There hasn't been this much fun and excitement in the American League in years. At one point last week, only one and a half games separated first place from fifth. The Cleveland Indians, who swept seven in a row and then blew three straight, managed to hang in there on the gutty pitching of old vet Cal McLish (he won two complete games, including a big one over the Yanks). The Chicago White Sox collapsed with a thud for want of a power hitter. It was the same old story as the Sox, in losing five straight, left 42 men on base. Singles-hitter Nellie Fox, batting second behind Luis Aparicio, was the team's leading RBI man. "Keep Fox and Aparicio off the bases," said Casey Stengel, "and that team is done." The Baltimore Orioles burst loose with a batch of unexpected home runs (eight), received their usual strong pitching—two fine shutouts—and won four in a row to climb within one game of first. But two unexpected losses by Hoyt Wilhelm (see page 14) kept the team from advancing any further. The Detroit Tigers' drive toward the top slowed down for the first time in a month. But in the three games they won last week, the team came from behind each time, a trait sadly missing in past seasons. "Pressure doesn't bother these guys," commented Manager Dykes. "They're as free as they can be." Well, the New York Yankees almost did it. Running off five straight wins over the White Sox and Indians, they made up 3½ more games and could have jumped from fifth to first by the end of the week. But a double-header loss to the Indians on Sunday set them back, momentarily. The Boston Red Sox suddenly rebounded from the cellar—for a day—with their first sustained hitting attack of the year. Led by Vic Wertz (five hits, six RBIs in two games), the Sox piled up 24 runs in winning three straight. And, just as suddenly, the pitching started to jell as Tom Brewer and Jerry Casale pitched back-to-back complete-game wins for the second straight time. The Kansas City Athletics, who were within a game and a half of first just three weeks ago, lost seven in a row and slid quietly down as far as seventh. The Washington Senators slapped home runs (tops in majors with 86) at a rate calculated to set a new league record. By the way, they won five out of seven.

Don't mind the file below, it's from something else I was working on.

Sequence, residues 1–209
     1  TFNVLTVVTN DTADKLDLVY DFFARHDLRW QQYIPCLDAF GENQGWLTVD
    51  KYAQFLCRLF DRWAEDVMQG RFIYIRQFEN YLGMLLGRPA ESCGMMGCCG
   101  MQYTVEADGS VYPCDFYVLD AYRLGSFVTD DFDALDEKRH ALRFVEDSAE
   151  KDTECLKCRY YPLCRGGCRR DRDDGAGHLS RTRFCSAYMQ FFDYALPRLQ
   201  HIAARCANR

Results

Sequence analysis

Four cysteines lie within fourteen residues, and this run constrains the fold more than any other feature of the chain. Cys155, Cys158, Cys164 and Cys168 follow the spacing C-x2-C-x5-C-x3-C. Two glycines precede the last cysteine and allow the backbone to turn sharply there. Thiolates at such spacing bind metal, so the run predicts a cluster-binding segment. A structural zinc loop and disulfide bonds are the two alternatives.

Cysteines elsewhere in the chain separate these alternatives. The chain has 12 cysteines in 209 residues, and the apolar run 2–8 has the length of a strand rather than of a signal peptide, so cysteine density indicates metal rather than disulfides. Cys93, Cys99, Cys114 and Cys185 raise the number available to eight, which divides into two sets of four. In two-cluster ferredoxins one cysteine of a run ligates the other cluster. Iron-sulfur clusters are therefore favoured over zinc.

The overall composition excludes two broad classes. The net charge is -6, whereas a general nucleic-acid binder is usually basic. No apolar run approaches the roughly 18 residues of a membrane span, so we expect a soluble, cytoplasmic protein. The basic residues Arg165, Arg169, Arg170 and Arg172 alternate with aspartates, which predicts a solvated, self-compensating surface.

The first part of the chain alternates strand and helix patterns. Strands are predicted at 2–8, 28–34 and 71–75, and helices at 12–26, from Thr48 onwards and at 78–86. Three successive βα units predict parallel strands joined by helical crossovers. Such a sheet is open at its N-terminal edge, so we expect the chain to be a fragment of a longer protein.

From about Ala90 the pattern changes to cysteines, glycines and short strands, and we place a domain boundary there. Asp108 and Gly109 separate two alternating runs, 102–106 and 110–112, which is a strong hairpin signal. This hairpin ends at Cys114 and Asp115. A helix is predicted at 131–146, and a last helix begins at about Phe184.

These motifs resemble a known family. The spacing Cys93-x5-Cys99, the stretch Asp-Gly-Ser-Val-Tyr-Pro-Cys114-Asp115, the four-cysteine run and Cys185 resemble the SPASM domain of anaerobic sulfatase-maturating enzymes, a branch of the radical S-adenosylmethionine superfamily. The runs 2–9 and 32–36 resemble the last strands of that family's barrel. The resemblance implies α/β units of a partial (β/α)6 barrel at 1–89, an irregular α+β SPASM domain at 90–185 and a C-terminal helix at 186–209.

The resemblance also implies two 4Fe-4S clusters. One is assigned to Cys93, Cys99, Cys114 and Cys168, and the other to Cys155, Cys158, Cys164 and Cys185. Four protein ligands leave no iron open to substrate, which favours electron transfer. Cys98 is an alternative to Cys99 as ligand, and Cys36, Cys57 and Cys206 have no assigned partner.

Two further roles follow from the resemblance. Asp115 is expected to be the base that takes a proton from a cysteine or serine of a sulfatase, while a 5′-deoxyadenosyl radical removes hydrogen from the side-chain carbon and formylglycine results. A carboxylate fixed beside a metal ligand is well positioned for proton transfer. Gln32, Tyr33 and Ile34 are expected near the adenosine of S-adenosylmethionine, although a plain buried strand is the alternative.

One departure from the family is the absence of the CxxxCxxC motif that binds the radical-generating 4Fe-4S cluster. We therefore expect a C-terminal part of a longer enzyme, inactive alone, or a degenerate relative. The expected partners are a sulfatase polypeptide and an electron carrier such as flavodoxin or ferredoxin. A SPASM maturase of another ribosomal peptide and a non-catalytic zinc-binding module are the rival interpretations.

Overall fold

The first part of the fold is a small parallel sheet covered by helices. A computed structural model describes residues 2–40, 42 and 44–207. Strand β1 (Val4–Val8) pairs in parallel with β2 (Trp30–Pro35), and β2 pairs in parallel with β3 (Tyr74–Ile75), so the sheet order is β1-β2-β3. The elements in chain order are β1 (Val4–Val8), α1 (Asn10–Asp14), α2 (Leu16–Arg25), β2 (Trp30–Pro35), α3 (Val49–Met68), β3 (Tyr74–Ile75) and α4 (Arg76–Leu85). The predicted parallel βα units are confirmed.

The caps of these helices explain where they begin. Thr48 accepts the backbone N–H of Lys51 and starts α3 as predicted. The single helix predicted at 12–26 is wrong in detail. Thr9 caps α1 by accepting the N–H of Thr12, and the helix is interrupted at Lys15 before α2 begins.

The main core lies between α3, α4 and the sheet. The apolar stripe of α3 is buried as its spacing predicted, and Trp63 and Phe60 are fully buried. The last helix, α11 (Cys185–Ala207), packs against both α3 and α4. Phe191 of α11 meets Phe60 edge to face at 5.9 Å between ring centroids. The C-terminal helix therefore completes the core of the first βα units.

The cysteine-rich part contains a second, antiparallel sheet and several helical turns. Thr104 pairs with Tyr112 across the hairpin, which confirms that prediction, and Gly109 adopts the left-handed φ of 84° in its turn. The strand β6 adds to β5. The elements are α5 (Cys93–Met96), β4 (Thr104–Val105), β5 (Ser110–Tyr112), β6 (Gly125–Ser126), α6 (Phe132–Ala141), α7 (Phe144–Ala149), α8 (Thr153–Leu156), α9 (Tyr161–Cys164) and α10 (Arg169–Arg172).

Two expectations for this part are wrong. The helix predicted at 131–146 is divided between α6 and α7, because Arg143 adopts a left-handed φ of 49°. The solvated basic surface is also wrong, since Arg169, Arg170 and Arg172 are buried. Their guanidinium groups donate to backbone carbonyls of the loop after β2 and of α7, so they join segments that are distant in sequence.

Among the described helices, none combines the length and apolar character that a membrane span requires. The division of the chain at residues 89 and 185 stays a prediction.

Standings: Clev 35-27, Chi 34-30, Det 34-31, Balt 34-31, NY 32-31, KC 28-33, Wash 29-36, Bos 28-35.
The Milwaukee Braves' surprising skid (lost 11 out of 17 games) saw the team drop out of the lead for the first time since early May. Hitting, which had been the Braves' strong suit all season, was practically nonexistent. And with the hitting tailing off, the lack of a sound second baseman became more telling. Six have been tried so far (three last week) and collectively they were hitting .165. But Aaron and Co. started banging the ball again and the Braves jumped quickly back into first. The San Francisco Giants, taking advantage of the "jet stream" blowing from right to left field in Seals Stadium ("You can't take your eye off the ball a minute," said Willie Mays. "If you do, it's shifted 20 feet on you") romped briefly into first place. Manager Rigney solved his bullpen problem, for the moment at least, by using Sam Jones in relief when he wasn't starting. "You've got a good thing when you've got somebody who can come in and strike somebody out," beamed Rigney, after Jones saved an important game. The Pittsburgh Pirates, who have been hampered by injuries at various times to key regulars (Skinner, Clemente, Burgess, Stuart, Witt and, last week, Mazeroski), nevertheless stayed in good position. Without the incredible Roy Face, though, the Pirates would be in trouble. He saved his fifth game and won his 11th in a row. The Los Angeles Dodgers, who seem to have learned at last to live with the Coliseum, banged out 73 hits in winning five games out of seven. Better yet, the five wins were low-hit, complete-game performances by Don Drysdale (twice), Sandy Koufax, Danny McDevitt and Roger Craig (just recalled from the minors). The Chicago Cubs' hitting (which never has been robust this year) and fielding (six errors in two games) collapsed; the team leveled at the .500 mark for the 23rd time this season. The St. Louis Cardinals again played the best ball in the league (11 wins in 15 games). The key has been good hitting (first in team averages'). Manager Hemus felt so good about things that he took himself off the active list, despite a fine pinch-hitting record. "The day I let a good pitch go by while trying to think of my next move in the game decided me," said Hemus. The only measure of solace last week for the slumping Cincinnati Reds was the pitching of Don Newcombe (he won two, giving him seven complete-game wins in a row) and, at last, the long-distance slugging of Frank Thomas (he came off the bench and hit two homers). Four straight losses plunged the team closer to the last-place Philadelphia Phillies, who continued to get only occasional flashes of good hitting and pitching.
Standings: Mil 38-28, SF 37-30, Pitt 36-32, LA 36-33, Chi 33-33, StL 30-35, Cin 30-36, Phil 25-38.
Boxed statistics through Saturday, June 20
TORRID BATS of Bill White (left) and Don Hoak sparked the Cards and Pirates. White had 13 hits, Hoak 10 last week.